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The Story of Islam

posted Jul 1, 2012, 5:09 PM by Interfaith WS   [ updated Jul 5, 2012, 12:04 PM ]

This is the seventh installment in our look at “Acts of Faith” written by Eboo Patel, founder and executive director of the Interfaith Youth Core. 


Chapter 6 -- Acts of Faith:  The Story of Islam


When Eboo Patel headed to England in September 1998 on a Rhodes Scholarship, he again saw himself as an outsider.  He was convinced that all of the other scholars had all of the “right” connections and knew exactly what the future held from them:  Nobel prizes and tenure at Harvard.  That feeling was short-lived.


“Self-righteousness and feelings of inadequacy are close cousins.  Once I admitted to myself that winning a Rhodes was a fluke and that everyone around me was smarter and more deserving, I figured the only thing I could do was accept my luck as God’s grace and try to make the most of the experience.”


Eboo’s faculty supervisor at Oxford was Geoffrey Walford, a rail-thin, blue jeans-clad professor who shattered stereotypes of Oxford dons.  Walford surprised Eboo by telling him that he should get a doctorate in something that ideally would connect with his career, instead of encouraging Eboo to pursue a route to academia.  “‘…the thing I’ve been thinking about most is the relationship between religious identify and interfaith cooperation,’ I said. 


Because of Eboo’s Islamic Ismaili heritage, Walford steered him to the Institute of Ismaili Studies in London, which was directed by Azim Nanji from the University of Florida.  “Azim knew that I was interested in something more significant than a doctorate.  I was embarking on an intensely personal journey.  The perspective I brought to Islam had been shaped by my admiration for Dorothy Day, Mahatma Gandhi, and the Dalai Lama, as well as my friendships with Kevin and Brother Wayne.  I loved the spirituality and social justice in Christianity, Hinduism, Judaism, and Buddhism.  I had had no interest in Islam until my most recent trip to India, when I had found Muslim prayer surfacing in my Buddhist meditation, when the Dalai Lama had told me to be a good Muslim.”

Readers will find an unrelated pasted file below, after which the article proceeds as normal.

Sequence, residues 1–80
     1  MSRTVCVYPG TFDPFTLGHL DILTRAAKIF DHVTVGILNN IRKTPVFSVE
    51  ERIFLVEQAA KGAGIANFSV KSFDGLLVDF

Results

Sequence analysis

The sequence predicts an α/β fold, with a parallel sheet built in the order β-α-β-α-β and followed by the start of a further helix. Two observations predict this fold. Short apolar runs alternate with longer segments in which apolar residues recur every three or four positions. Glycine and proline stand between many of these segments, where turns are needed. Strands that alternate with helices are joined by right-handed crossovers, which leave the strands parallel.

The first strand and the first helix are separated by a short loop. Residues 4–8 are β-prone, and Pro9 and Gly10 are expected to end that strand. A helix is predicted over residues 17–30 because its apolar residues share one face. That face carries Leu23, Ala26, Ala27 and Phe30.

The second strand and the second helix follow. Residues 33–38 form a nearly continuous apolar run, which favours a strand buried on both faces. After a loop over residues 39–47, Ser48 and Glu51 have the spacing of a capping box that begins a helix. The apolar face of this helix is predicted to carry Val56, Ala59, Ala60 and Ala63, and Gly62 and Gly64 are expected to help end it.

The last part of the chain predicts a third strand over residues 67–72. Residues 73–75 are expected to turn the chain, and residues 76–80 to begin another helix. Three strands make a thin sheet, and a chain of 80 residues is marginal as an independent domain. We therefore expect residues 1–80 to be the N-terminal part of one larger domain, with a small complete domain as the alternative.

Azim told Eboo, “‘You are living at a time when Islam can go in many different directions, and it will be young people like you who are shaping its next steps.  Having an understanding of the humanistic dimensions of Muslim history and how to teach them most effectively is about as important an education as you can get.’”


Eboo recalls the story of Yusuf Islam, who sang under the name of Cat Stevens in the 1970s and was one of his favorite songwriter-singers (spiritual songs like “Moonshadow,” “Peace Train,” and “Wild World.”  When Yusuf converted to Islam he associated with Muslims who told him that music was against the faith, an interpretation that was entirely legitimate.  In the early 1990s, Yusuf came under a different influence and rethought the position on music and faith.  This was during the time of the ethnic cleansing of Bosnian Muslims by Serbs while few leaders and nation’s did anything to stop it.  The leader of a Bosnian aid agency called on Yusuf to organize an international concert to support the effort to stop the killings.  Eventually, Yusuf realized that his music could be a powerful tool against oppression, and he started to make music again.


“Under the guidance of Azim Nanji, I learned that Islam is best understood not as a set of rigid rules and a list of required rituals….Frazlur Rahman (of the University of Chicago) emphasized that the core message of Islam is the establishment of an ethical, egalitarian order on earth….It was the ethic of service and pluralism in Islam that I felt most enlivened by and most responsible to.  Starting the Interfaith Youth Corps gave me the chance to put that ethic into action, to feel worthy of the designation ‘Muslim.’  With the help of several established interfaith organizations, I gathered a group of sixteen young people from four continents and six different religions to discuss the basic principles of the Interfaith Youth Corps in the Bay Area in June 1999….We came out of that conference with the three pillars that still serve as the heart of the Interfaith Youth Core: intellectual encounter, social action, and interfaith reflection.”